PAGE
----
This page is part of © FOTW Flags Of The World website

Historical flags of Prince Edward Island (Canada)

Last modified: 2003-09-20 by phil nelson
Keywords: prince edward island | canada | lieutenant governor | oak tree | saplings | lion |
Links: FOTW homepage | search | disclaimer and copyright | write us | mirrors

See also:

Prince Edward Island

The name Īle Saint Jean was anglicized to St John's Island when the island became part of the British colony of Nova Scotia in 1763, and changed to Prince Edward Island in 1799, to honour Prince Edward, Duke of Kent, Commander-in-Chief of British North America, and later to be father of Queen Victoria.

Prince Edward Island was not party to the British North America Act of 1867, which created the Dominion of Canada, but joined later, without a grant of arms, on 1 July 1873.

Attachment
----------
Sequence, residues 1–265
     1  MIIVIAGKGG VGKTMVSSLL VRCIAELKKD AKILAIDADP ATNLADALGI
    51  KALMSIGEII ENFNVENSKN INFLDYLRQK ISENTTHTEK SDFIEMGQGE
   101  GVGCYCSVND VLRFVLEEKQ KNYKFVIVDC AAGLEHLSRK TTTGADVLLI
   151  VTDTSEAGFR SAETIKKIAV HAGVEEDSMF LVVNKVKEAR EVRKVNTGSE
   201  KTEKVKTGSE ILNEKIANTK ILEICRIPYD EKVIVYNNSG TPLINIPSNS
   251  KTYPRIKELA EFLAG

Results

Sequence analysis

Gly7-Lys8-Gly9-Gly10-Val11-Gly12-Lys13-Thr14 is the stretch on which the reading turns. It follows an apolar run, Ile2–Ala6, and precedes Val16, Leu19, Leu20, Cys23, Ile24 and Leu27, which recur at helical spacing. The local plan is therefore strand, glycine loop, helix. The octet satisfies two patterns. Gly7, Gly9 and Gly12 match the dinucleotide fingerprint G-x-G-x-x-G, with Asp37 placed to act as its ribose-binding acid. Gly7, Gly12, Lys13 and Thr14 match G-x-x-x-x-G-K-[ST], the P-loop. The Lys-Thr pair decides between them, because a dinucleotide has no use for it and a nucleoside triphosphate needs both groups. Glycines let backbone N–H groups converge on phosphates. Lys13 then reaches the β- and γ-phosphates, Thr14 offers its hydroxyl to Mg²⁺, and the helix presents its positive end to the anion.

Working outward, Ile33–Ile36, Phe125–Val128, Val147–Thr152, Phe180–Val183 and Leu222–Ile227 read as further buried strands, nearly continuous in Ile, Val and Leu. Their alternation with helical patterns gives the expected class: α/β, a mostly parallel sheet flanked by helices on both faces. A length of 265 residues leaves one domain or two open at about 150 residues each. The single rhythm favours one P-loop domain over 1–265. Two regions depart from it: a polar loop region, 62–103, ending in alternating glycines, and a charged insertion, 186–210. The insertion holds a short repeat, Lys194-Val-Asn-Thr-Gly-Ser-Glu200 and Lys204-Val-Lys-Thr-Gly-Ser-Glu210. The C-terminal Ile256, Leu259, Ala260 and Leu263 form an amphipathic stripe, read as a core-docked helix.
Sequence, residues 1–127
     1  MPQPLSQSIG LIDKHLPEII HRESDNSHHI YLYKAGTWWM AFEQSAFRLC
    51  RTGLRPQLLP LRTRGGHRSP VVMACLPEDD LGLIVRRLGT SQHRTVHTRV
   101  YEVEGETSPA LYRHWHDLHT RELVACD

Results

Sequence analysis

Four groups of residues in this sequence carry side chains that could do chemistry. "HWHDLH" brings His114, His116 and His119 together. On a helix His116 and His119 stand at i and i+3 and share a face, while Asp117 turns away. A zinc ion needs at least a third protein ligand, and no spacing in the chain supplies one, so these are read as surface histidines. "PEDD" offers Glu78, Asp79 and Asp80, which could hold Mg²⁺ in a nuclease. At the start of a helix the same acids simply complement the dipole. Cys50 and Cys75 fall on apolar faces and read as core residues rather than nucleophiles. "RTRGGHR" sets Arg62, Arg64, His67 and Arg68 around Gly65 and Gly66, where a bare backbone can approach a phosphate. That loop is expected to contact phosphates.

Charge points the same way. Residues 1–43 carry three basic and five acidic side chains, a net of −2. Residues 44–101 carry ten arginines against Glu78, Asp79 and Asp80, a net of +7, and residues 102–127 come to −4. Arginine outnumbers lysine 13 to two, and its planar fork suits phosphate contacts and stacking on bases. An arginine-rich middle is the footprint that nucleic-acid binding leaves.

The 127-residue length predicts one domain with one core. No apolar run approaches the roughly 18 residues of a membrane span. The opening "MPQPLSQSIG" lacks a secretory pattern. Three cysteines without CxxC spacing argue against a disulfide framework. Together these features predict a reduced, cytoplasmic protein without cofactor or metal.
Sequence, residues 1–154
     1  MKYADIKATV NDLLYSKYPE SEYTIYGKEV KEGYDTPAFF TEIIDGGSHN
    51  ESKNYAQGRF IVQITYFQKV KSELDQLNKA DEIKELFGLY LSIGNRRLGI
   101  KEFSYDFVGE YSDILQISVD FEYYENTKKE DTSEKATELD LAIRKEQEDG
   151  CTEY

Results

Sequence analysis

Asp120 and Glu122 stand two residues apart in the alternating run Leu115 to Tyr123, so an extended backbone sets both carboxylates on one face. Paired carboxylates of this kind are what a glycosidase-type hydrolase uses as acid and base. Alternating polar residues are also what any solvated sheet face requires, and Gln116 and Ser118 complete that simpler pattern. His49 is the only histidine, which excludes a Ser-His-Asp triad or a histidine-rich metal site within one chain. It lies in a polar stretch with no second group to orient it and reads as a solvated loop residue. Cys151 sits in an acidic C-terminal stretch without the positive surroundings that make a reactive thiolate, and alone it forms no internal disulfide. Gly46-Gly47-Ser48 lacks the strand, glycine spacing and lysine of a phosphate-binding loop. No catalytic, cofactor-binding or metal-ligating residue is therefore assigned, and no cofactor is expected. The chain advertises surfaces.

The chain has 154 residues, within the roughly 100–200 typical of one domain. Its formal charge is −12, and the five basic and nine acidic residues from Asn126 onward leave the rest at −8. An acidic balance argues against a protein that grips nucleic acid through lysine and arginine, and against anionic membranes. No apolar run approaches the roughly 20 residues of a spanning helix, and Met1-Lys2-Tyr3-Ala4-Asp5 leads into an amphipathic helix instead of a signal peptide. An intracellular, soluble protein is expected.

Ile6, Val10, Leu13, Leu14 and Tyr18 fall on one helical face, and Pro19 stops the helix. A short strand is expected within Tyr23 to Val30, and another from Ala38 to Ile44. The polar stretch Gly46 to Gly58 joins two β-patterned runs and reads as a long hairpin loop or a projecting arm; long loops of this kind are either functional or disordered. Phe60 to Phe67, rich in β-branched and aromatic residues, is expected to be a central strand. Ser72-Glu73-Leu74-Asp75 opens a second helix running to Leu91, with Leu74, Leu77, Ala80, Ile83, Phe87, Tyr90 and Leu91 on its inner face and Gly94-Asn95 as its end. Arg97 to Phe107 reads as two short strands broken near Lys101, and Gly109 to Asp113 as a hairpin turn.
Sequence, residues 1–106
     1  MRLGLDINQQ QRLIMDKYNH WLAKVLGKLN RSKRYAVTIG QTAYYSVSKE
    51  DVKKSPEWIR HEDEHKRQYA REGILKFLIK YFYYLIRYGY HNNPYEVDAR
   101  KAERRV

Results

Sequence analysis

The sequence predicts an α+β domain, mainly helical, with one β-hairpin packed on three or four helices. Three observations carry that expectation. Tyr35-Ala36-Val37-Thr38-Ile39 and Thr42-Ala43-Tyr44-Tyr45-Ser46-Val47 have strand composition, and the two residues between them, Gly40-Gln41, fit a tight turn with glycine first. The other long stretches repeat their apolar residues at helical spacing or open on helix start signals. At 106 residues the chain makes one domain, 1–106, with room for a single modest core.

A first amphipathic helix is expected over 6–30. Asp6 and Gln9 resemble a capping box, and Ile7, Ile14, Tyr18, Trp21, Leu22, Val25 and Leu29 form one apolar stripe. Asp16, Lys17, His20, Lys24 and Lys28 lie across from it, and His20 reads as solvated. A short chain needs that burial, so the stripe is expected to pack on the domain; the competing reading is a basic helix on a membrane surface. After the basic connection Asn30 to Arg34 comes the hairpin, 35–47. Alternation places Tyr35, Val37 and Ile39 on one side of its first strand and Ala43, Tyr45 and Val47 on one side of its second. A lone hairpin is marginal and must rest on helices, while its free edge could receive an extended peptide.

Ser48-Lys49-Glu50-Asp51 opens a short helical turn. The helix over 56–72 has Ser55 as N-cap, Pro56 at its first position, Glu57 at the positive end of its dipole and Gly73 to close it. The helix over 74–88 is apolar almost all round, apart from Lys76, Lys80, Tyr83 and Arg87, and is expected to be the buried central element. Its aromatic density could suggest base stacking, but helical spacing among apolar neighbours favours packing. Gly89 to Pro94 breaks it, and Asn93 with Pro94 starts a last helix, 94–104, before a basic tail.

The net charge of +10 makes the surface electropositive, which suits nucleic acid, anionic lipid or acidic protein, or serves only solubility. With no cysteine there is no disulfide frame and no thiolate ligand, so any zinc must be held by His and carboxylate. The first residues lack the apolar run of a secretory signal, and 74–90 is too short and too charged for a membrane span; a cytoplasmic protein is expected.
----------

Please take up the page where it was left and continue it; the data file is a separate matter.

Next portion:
There was no flag for the Governor of Prince Edward Island, but a badge based upon the Public Seal of 1769, when Prince Edward Island had been made a separate colony, was finally agreed for the Lieutenant-Governor of the province, in 1878. The seal depicted an oak tree and three small saplings with a Latin motto meaning, "the small under the protection of the great." The oak tree represented Britain, and the saplings, the island's three counties of King's, Queen's and Prince. On the badge of 1878 the oak was then taken to represent Canada.

Lt. Governor Flag, 1875-1905
[1875-1905 Lt. Governor flag] by Blas Delgado

Badge Detail
[detail of flag's badge] by Martin Grieve

On 2 September 1874, the Canadian Secretary of State had urged the Lieutenant-Governor of Prince Edward Island to adopt a badge for his flag. It was des